Country Financial & Bloomington’s city workers ‘pay it forward’ to Home Sweet Home

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BLOOMINGTON, Ill. (WMBD) — An insurance agency is partnering with the city of Bloomington to give back to those struggling during the pandemic.

Home Sweet Home Ministries, Saturday morning, received 100 box lunches delivered by city workers and first responders. However, those involved in the generous gesture said it as a double donation.

Justin Boyd, agency owner at Country Financial, said his original plan was to donate to the workers who may not always get the proper recognition.

“I thought of people who pick up our trash every week,” Boyd said. “I contacted the city of Bloomington, city manager Tim Gleason, and talked about the public works people as well as police and fire and talked about doing something as a thank you.”

Tim Gleason, city manager, said Boyd’s gesture was thoughtful, but instead of giving to city workers, he wanted to take the opportunity to do something that would have a greater impact.

“We saw an opportunity to take these donations and get them in the hands of some of the community residents that have a greater need,” Gleason said.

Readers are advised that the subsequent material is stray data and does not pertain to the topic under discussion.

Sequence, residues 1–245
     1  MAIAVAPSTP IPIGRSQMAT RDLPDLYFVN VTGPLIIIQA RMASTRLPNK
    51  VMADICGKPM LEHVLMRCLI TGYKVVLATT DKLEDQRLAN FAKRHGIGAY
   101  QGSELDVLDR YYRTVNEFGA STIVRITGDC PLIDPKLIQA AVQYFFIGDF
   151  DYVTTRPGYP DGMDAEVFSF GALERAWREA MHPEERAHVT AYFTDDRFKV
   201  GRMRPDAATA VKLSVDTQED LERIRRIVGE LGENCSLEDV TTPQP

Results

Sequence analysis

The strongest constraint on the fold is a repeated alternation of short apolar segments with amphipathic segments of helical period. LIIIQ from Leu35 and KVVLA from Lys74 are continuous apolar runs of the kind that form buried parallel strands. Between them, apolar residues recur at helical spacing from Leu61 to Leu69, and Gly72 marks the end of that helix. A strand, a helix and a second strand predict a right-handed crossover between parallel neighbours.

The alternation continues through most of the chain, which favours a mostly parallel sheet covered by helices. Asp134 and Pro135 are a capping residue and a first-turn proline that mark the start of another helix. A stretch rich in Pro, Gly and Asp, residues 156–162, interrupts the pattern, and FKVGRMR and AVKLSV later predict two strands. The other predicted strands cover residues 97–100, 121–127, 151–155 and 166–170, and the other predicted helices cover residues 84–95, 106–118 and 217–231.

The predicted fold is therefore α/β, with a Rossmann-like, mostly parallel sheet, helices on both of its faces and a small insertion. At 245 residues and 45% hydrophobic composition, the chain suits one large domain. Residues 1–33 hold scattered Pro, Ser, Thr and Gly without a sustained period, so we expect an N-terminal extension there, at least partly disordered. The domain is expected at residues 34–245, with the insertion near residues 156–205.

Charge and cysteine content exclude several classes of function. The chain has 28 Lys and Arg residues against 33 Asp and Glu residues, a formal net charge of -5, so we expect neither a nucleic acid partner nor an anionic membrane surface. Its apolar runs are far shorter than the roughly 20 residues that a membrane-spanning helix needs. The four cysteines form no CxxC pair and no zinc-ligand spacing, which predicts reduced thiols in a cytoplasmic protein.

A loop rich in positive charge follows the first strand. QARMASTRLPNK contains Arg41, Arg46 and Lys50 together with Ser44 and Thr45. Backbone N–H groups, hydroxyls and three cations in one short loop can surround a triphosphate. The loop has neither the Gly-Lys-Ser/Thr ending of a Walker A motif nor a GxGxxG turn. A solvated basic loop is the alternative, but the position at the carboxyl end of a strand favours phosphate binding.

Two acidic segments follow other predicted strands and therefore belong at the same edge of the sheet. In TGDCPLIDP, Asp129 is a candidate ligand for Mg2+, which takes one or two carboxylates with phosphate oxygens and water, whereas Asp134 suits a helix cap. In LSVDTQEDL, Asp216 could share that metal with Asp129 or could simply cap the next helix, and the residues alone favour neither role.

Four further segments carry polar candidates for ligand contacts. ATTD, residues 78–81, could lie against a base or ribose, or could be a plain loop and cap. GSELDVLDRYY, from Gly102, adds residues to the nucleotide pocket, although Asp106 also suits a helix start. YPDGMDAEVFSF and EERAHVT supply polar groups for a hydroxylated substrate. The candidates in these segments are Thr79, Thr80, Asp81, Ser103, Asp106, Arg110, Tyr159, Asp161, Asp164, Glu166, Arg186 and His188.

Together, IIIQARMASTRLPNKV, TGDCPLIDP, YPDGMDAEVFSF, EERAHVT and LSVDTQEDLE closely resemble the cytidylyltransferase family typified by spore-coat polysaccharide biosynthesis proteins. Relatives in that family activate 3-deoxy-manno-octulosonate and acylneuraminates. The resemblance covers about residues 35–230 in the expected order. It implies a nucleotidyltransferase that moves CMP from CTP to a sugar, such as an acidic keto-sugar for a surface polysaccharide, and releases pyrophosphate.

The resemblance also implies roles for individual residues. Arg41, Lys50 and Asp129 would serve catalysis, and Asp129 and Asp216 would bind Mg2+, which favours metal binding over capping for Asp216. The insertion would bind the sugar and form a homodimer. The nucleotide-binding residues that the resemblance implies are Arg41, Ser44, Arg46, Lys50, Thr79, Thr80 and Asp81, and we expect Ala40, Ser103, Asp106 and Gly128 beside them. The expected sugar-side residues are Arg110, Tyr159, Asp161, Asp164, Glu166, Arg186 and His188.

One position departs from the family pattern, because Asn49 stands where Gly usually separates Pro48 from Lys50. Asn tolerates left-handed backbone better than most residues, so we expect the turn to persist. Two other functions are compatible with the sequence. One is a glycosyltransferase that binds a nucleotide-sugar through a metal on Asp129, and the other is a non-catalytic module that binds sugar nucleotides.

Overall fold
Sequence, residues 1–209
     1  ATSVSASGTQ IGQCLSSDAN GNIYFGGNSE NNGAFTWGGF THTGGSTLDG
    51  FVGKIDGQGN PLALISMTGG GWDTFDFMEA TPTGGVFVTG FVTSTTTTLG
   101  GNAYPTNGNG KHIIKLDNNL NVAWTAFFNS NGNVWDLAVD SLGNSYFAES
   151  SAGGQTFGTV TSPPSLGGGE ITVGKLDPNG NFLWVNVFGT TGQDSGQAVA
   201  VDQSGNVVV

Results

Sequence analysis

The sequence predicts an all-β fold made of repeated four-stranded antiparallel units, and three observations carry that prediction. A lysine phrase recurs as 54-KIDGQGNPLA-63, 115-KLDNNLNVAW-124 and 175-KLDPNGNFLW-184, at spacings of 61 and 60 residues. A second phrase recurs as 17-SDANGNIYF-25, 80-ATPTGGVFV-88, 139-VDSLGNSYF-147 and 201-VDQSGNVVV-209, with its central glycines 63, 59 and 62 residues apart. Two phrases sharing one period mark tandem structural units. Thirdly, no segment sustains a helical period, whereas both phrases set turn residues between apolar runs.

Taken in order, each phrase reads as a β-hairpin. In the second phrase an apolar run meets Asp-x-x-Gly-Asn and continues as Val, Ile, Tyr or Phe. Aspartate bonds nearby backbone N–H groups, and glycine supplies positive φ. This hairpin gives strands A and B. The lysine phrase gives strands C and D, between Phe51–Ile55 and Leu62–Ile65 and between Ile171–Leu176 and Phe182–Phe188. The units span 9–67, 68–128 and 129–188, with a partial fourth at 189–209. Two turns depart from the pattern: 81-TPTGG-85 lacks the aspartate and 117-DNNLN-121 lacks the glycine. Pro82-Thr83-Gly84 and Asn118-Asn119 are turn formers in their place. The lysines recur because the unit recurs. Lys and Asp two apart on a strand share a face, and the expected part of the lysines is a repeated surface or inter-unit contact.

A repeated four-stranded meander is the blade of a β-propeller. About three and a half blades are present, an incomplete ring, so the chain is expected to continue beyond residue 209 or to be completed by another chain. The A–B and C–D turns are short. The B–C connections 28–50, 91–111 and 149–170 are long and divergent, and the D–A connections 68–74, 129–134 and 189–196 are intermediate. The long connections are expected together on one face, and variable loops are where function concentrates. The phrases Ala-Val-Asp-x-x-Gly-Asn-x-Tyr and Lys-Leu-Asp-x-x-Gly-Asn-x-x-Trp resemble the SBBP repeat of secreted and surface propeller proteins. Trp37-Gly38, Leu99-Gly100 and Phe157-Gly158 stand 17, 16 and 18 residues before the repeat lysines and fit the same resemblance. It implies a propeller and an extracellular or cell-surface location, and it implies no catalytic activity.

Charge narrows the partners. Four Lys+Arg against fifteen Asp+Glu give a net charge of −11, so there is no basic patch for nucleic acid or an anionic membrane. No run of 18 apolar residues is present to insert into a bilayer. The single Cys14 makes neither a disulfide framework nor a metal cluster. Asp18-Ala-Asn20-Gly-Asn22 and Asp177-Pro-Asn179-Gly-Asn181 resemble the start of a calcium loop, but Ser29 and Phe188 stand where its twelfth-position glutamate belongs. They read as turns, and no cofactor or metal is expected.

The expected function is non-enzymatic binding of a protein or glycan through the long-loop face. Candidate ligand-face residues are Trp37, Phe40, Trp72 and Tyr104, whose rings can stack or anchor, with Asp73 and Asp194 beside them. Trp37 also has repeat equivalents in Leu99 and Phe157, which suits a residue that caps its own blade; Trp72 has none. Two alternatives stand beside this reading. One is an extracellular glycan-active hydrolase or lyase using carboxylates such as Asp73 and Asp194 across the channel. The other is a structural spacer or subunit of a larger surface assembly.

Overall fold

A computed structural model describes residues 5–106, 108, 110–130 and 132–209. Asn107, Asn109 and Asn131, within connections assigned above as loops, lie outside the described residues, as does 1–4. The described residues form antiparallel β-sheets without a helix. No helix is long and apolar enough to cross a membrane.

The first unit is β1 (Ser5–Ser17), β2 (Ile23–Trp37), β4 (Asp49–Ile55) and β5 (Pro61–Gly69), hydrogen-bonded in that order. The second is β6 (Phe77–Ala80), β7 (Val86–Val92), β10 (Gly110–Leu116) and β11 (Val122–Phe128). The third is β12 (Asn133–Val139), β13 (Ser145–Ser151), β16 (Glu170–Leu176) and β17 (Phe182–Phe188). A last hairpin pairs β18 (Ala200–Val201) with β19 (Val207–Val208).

This lead to Boyd donating 100 box lunches from Scout’s Downtown Cafe to the city, which in turn donated them to Home Sweet Home Missions.

Boyd said Home Sweet Home was very grateful for the donations. He said they’ve been getting a lot of support throughout the week but not many donations on the weekend.

“The box lunches should provide a meal for both Saturday and Sunday,” Boyd said.

He said at then end of the day he just wanted to show his appreciation to the city and thank them for all that they do.

“We’re doing it because there are so many people out there that don’t get recognized,” Boyd said. “So that’s why I wanted to recognize the city and it just shows their grateful hearts to be able to pass that along.”

Gleason said this act of kindness is a testament to how Bloomington’s community members put others before themselves and can come together during times of struggle.

“I think communities in times of emergency, crisis, disaster they pull together,” Gleason said. “But this is a unique community where they’ve got the means to help even more than I think a typical community can and they are so it’s really great to be apart of this.”

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